The release of Firaxis’ XCOM 2: War of The Chosen was just the excuse that I needed to return to their excellent turn-based sci-fi strategy game. Continue reading XCOM 2: War of the Chosen Xbox One review
Creative Assembly returns for another fantasy take on their popular strategy war-gaming series with Total War Warhammer II.
For me, one of the major draws of the Total War games is the historical aspect. I wasn’t holding out much hope for last year’s fictional fantasy-based Total War Warhammer. Thankfully I was pleasantly surprised.
Based on the Games Workshop fantasy table-top battle game, Warhammer is a good fit for a PC strategy game. With units ranging from lizardmen to high elves, Total War Warhammer II, brings to life the painted white-metal (which are probably now plastic) figures, that I remember from my younger days.
As will all Total War games, Warhammer II plays on two levels. First, you’ve got your real-time battles, where you are in direct control of your individual regiments on the battle map. You choose the formation, position and targets for army.
The second, exclusive to the campaign mode, is the turn-based campaign map. Here you command you armies to travel across the world to engage the enemy, capture settlements and explore ruins and wreaks. You also manage your towns and cities, recruit additional troops, engage in diplomacy amongst many, many other things.
Part two of an apparent trilogy of Total War Warhammer games, Total War Warhammer II’s main campaign, Entitled Eye of the Vortex, focuses on a war between the forces of darkness surrounding an idyllic High Elven island haven. There’s eight factions to choose from consisting of one of four races: High Eves and Lizardmen on the side of good and Dark Elves and Skaven representing evil.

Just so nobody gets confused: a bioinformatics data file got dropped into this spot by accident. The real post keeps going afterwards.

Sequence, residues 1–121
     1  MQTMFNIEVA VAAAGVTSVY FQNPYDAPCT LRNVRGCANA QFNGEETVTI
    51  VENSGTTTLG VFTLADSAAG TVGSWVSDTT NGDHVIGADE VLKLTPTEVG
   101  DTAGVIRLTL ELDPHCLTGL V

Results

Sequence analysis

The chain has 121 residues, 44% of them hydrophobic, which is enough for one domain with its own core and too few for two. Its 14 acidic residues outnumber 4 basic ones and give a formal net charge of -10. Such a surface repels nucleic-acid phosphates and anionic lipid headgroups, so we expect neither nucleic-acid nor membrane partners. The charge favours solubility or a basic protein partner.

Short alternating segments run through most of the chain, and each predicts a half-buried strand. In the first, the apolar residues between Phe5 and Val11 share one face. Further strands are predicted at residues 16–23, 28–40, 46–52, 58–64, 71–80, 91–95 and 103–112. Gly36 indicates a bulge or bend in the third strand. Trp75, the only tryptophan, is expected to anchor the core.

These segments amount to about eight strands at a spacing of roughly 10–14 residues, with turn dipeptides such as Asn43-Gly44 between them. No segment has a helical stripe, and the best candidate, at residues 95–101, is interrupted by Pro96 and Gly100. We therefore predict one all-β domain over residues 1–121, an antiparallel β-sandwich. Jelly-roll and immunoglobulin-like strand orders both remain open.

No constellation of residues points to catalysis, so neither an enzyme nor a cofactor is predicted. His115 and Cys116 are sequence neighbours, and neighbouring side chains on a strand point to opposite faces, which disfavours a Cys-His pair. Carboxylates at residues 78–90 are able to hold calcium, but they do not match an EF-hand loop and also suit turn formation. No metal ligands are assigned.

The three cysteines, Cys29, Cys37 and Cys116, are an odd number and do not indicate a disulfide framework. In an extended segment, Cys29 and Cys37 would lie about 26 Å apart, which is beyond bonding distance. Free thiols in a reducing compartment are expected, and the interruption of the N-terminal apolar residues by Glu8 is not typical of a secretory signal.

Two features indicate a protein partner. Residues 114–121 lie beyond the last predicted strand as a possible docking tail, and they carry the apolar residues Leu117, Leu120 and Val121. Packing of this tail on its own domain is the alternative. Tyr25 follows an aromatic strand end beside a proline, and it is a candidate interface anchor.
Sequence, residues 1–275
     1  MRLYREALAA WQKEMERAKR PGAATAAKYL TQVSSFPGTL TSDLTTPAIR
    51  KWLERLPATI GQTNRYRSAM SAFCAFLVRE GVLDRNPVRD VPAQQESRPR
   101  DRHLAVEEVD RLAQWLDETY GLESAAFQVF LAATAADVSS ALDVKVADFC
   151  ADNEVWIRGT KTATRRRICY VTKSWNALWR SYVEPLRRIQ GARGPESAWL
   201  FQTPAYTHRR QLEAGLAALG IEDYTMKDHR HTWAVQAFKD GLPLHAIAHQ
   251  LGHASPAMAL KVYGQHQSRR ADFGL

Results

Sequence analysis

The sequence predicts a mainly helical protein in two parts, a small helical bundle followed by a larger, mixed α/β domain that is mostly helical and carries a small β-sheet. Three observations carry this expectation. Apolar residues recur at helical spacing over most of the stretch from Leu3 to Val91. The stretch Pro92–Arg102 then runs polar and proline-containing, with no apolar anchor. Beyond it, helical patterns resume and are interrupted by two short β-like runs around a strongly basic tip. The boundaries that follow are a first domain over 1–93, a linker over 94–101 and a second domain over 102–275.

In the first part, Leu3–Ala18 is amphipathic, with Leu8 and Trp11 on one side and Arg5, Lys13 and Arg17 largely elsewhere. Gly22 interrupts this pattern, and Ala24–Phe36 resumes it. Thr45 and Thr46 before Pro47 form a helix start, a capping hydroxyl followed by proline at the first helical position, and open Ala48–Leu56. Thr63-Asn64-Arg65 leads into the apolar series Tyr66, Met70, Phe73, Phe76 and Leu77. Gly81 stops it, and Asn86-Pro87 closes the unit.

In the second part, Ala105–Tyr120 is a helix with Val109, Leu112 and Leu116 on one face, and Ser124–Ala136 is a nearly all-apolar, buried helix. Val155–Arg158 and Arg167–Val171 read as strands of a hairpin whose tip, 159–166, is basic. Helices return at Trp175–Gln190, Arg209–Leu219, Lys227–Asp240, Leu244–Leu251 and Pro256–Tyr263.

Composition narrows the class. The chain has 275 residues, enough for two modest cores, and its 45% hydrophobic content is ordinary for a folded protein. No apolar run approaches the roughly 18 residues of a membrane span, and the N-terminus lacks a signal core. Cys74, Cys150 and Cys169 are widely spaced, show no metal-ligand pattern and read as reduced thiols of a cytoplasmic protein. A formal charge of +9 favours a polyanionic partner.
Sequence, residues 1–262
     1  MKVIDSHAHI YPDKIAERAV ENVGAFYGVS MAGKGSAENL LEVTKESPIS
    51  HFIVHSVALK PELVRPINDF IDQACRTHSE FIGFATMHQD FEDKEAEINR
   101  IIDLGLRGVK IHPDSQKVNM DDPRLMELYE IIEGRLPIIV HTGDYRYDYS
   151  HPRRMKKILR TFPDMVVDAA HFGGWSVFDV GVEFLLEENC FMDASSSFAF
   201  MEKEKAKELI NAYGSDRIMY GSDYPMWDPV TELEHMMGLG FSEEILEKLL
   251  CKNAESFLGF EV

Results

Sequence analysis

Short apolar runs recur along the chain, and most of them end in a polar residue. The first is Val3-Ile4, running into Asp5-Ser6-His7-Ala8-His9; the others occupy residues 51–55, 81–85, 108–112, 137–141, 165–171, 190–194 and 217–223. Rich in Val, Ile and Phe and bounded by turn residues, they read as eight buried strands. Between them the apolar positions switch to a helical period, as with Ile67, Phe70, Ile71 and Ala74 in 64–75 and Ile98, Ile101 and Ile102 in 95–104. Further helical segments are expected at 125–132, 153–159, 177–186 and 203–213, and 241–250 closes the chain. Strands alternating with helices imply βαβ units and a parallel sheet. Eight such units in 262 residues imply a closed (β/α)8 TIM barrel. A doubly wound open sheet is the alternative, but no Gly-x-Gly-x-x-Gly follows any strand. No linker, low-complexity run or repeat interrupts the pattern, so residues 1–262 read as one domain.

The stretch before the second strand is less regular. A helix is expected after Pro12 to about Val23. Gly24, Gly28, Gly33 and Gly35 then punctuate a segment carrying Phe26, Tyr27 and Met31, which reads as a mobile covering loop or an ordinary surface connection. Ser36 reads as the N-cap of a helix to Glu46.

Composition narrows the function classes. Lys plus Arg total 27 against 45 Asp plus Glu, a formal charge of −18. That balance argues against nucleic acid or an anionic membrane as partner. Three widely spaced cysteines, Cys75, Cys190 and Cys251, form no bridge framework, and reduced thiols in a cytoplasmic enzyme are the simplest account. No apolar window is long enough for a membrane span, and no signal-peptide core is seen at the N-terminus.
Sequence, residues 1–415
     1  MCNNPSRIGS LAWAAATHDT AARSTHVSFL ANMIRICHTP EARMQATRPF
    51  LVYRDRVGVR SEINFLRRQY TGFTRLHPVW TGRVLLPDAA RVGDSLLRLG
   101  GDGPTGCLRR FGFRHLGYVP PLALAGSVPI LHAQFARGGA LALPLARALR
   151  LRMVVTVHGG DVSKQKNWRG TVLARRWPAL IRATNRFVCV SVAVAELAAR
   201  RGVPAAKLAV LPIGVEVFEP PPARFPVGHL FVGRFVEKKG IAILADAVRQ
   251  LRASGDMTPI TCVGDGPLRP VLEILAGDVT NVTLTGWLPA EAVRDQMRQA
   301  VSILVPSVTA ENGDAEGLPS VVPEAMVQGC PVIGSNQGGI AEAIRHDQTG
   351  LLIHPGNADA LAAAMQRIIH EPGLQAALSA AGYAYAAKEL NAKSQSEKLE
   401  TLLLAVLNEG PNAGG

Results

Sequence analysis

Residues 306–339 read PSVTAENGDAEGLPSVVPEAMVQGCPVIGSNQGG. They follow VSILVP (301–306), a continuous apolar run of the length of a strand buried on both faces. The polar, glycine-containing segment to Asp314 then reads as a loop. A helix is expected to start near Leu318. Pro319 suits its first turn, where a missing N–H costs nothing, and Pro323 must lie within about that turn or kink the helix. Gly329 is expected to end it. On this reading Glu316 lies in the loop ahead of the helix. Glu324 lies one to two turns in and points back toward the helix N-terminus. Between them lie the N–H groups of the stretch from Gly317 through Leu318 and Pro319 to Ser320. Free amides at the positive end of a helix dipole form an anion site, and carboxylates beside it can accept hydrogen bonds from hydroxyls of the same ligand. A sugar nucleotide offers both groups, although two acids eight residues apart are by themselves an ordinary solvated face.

The action is set over a massive map consisting of a variety of interesting environments, from the rainbow-adorned, care-bear-like land if the high elves, to the lush forest of the lizardmen and the blacken soil of the realm of the Dark Elves.
The campaign story is a bit of a mouthful, the narrative being packed with clichéd fantasy dialogue that sounds pretty ridiculous at times. The eight factions mean that you do get eight different variations on the campaign each with their own story variations.
Being based on a tabletop RPG-based war game, Warhammer II, like it’s namesake, places particular importance on the lords and heroes commanding the armies. Each lord and hero can be equipped with unique weapons, armour and talisman that you find as you explore the world.
You can also equip bannermen to support them and unlock mounts. This customisation, along with a huge skill tree, that is in addition to the tech tree for your faction, provides players with their own, personal, gameplay experience.
Of course, you are not just restricted to the campaign, there are other ways to play. You can dive straight in command your army of choice in real-time battle via the quick game option, create your own custom battles, or try the pre-authored quest battles. Extruding the game further, you can play both single battles and the campaign in multiplayer, both local and online.
Whilst the visuals are pleasant enough to look at, they are getting a bit stale. The messy user interface is just a re-skin of what Creative Assembly have been using since 2009’s Empire Total War. The graphic engine is starting to show its age, lacking the fidelity and lighting that a more modern engine affords.
Whilst it’s nice to play a game without loot boxes, what I’m not looking forward to is being inundated with DLC that should probably have been included in the initial release. Creative Assembly (or, maybe, publisher, Sega) are a bit fast and loose when it comes to premium DLC.
Common in Total War games, paying extra for blood on the battlefield has got to be some of the lamest DLC since Oblivion’s horse armour. Good news for owners of the first Warhammer game- if you bought the blood DLC for that game, you won’t need to buy it again for number 2.